Aly Taylor, Star of TLC's 'Rattled,' Shares Her Story of Cancer, Infertility & Adoption
Becoming a parent isn’t always an easy or straight path, as many moms and dads know. That’s especially true for Aly Taylor and her husband, Josh, two of the stars of TLC’s show Rattled, which follows four couples and their experiences of new parenthood. Off the screen, Aly and Josh are sharing their full story in their new book Aly’s Fight: Rattled By Life But Firm in Faith (Hachette, May 2019, explaining how they fought Aly’s breast cancer together, then infertility, and how they came to be a family of five.
Aly and Josh had been married for five years when they decided to start trying to have children. Aly researched early signs of pregnancy and when she read that one was breast soreness, she checked if she had the symptom and found a lump in her breast. She had it checked out and learned she had very aggressive stage 3 breast cancer at the age of 24, so she couldn’t delay treatment. “I didn’t have time to preserve my fertility, and as a woman who really hoped I would be a mom, I was devastated there wouldn’t be time because my cancer treatment started in two weeks,” Aly said. “We were scared and worried, but Josh said, ‘Ali you have to be here for us to preserve your life, not your fertility.’ We prayed and believed my womb would be protected.” Aly went through 16 rounds of chemo, followed by double mastectomy and 30 radiation treatments.
Even though the doctors told Aly she had less than a 20% chance, and had a high likelihood of it recurring in the first five years, years later she learned she was finally cancer-free. Aly and Josh tried to have kids again, but a fertility specialist told them all of Aly’s eggs were damaged because of the cancer treatment and in the off chance they did get pregnant, she would likely have a miscarriage. “We didn’t know where to go from there — when you deal with infertility, you never think it’s going to be you. We thought about egg donation, because our doctor said you can carry a baby, you just can’t make one.”
During this time, Aly and Josh leaned on one another for support. “I let Aly know she wasn’t by herself,” Josh says. “It’s not that Aly is not getting pregnant, it’s Josh and Aly haven’t gotten pregnant yet. We have to be careful we don’t put it all on women.” Aly adds, “Josh did a great with that, joining me in the happy moments and the sad moments. You have to get back on the hope train. We went through years of that and Josh would ride the waves with me instead of trying to act like everything is okay. Get in the muck with your partner and always be helpful and believe it will happen and don’t prepare for the worst.”
Aly and Josh decided to go the adoption route and found a baby. But right after the birth the family decided they wanted to keep her. They packed up their bags to leave the hospital, but at the last minute the birth mom changed her mind and gave them a daughter, Genevieve, in March 2015. “When people said something good will come of cancer, it’s true,” Aly says. “We always went through it together, so even though I had cancer I feel Josh had it too, in a different way. We realized we would have never had Genevieve had I not gone through cancer. We really didn’t know if we would be parents again. We went through so much to have her and were so happy.”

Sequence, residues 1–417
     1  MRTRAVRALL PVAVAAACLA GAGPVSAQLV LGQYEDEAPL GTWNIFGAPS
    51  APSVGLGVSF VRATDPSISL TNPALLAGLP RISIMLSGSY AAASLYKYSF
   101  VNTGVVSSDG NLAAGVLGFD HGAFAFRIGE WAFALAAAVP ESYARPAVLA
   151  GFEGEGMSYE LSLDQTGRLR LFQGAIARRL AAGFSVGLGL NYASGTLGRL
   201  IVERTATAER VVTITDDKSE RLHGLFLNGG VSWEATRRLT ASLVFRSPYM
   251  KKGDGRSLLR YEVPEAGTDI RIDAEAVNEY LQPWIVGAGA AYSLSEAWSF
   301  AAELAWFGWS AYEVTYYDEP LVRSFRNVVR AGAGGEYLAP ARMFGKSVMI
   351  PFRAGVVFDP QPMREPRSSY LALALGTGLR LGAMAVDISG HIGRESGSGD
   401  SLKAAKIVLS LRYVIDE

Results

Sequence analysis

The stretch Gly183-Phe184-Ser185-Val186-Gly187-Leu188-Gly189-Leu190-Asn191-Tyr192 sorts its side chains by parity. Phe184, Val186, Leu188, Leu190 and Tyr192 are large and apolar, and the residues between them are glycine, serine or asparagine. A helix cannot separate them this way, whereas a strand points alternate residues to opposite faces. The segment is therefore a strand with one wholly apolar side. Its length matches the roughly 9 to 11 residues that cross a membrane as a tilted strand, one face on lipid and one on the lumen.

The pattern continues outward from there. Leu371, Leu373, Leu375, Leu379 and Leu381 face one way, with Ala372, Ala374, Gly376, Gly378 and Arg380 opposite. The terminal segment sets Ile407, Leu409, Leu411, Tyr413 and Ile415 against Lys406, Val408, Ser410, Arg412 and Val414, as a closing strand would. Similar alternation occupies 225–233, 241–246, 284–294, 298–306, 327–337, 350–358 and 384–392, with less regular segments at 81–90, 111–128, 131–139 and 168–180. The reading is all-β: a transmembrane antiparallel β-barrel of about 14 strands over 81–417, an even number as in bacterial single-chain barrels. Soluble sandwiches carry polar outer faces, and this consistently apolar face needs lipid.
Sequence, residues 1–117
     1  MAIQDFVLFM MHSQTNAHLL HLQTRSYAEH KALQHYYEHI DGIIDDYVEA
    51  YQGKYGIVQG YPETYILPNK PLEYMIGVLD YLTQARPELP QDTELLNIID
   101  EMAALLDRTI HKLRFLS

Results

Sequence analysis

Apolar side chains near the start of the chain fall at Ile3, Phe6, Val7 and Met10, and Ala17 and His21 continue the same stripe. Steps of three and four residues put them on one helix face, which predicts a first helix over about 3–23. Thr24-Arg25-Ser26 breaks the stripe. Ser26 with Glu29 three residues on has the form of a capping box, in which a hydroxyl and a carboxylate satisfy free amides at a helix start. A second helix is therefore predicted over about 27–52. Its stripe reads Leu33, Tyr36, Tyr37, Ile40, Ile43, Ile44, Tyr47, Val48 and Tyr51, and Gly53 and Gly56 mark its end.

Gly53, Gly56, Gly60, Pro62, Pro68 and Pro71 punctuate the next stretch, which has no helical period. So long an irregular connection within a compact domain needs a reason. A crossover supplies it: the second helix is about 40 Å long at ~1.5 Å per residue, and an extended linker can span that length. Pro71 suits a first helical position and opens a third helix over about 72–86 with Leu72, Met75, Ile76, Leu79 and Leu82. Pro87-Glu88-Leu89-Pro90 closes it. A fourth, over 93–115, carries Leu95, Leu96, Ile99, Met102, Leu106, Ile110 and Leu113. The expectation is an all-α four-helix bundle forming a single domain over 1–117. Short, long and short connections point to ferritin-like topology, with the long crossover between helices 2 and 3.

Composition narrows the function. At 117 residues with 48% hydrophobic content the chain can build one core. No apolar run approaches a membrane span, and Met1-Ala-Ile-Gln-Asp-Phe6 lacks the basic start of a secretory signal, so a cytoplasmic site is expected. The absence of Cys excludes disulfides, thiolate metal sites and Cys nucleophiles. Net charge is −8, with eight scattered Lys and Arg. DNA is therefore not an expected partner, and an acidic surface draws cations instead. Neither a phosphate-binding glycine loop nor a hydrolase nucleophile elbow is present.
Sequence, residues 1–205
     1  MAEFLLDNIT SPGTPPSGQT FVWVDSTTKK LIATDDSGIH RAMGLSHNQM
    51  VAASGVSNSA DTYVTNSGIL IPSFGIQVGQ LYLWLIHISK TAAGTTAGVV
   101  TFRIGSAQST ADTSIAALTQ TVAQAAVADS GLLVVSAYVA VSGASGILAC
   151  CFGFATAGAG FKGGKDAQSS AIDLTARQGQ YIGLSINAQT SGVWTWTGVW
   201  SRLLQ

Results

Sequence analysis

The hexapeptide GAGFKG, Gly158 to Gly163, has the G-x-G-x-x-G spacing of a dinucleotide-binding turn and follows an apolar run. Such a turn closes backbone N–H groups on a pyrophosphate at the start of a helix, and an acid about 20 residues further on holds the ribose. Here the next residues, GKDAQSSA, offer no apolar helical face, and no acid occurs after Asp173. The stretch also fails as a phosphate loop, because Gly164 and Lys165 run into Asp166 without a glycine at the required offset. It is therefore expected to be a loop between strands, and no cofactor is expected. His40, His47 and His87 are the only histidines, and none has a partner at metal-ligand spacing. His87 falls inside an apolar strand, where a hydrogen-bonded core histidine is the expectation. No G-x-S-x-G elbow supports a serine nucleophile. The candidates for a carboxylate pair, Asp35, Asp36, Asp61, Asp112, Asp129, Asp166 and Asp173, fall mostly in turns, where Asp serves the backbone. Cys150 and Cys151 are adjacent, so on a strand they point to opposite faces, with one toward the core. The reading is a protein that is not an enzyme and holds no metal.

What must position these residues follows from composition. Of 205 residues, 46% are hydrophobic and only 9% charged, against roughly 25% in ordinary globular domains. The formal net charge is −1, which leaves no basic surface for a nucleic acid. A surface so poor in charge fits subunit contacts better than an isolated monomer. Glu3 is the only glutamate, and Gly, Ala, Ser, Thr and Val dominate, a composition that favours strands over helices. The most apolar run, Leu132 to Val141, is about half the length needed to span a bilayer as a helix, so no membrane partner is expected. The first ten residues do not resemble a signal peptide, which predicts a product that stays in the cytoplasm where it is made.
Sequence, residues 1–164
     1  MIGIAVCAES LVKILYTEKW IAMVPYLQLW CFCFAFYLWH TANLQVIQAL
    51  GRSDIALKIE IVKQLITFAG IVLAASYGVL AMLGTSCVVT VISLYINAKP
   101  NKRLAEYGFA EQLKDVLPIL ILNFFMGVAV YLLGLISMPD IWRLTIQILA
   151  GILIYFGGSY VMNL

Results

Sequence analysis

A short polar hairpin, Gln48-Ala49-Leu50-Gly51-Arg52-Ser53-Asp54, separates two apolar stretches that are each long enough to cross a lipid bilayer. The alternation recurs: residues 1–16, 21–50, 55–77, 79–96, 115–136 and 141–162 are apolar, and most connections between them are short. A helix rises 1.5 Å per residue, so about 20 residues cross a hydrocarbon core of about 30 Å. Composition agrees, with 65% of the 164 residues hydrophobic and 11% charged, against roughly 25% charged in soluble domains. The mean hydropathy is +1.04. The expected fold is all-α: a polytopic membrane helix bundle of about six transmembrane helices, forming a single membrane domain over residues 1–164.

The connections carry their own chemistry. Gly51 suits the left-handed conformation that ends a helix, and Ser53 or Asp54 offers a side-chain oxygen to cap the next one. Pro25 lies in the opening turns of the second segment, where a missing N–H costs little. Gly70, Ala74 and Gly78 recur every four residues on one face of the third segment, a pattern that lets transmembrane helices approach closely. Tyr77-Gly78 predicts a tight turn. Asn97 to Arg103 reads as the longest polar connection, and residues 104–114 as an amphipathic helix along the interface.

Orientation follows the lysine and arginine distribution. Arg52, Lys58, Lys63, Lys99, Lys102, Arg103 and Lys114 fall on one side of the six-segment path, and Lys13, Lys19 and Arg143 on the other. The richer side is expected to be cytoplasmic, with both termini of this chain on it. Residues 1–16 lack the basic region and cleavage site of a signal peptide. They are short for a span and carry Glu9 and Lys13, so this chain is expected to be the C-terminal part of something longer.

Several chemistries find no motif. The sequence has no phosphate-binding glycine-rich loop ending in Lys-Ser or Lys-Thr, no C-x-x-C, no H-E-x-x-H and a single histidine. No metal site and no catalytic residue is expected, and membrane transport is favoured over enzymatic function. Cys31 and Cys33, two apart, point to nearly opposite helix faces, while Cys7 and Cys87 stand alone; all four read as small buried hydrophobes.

Nine months after they brought Genevieve home, Aly had an infection in her arm, lymphedema, which is a common side effect of breast cancer surgeries. She chalked up the flu-like symptoms and feeling under the weather to the infection. But Aly learned she was actually pregnant. They expected it to be a high risk pregnancy, but all of her bloodwork, ultrasounds and tests revealed that the baby girl was completely healthy, despite that the fertility doctors had told them it would be impossible. “For a long time it didn’t feel real because I had accepted that I wouldn’t have a baby biologically and given up dream of carrying a baby,” Ali says. “I was so in love with adoption after we had Genevieve; I could not imagine loving a child more. I was ecstatic; once you’re carrying miracle baby it’s hard to put into words.”
When Aly was one month pregnant, Genevieve’s birth mother reached out to them to tell them she was pregnant again with a little girl and asked if they would be her parents. With their due dates only two weeks apart, Aly and Josh decided they would leave their home in West Monroe, Louisiana and temporarily live in Kentucky, near the birth mom, so they could be present for the birth. Aly gave birth to Vera on August 14, 2015 and 11 days later Lydia was born. Once again, the birth mom had second thoughts about keeping the baby, but at the final moment told them they could be her parents.
In just 16 months, Aly and Josh had three daughters. “It’s just indescribable,” Aly says. “We try to be mentors to people going through infertility and the adoption process. It’s been so hard but so rewarding. I know people love their kids as much as we do, but when you fight so hard to have your kids, there’s just an extra sense of gratefulness when you know how close you were to them not being here. We really strive to encourage people to keep trying for biological kids, but if you can’t get pregnant, that doesn’t mean you weren’t meant to be parents — there is a way.”
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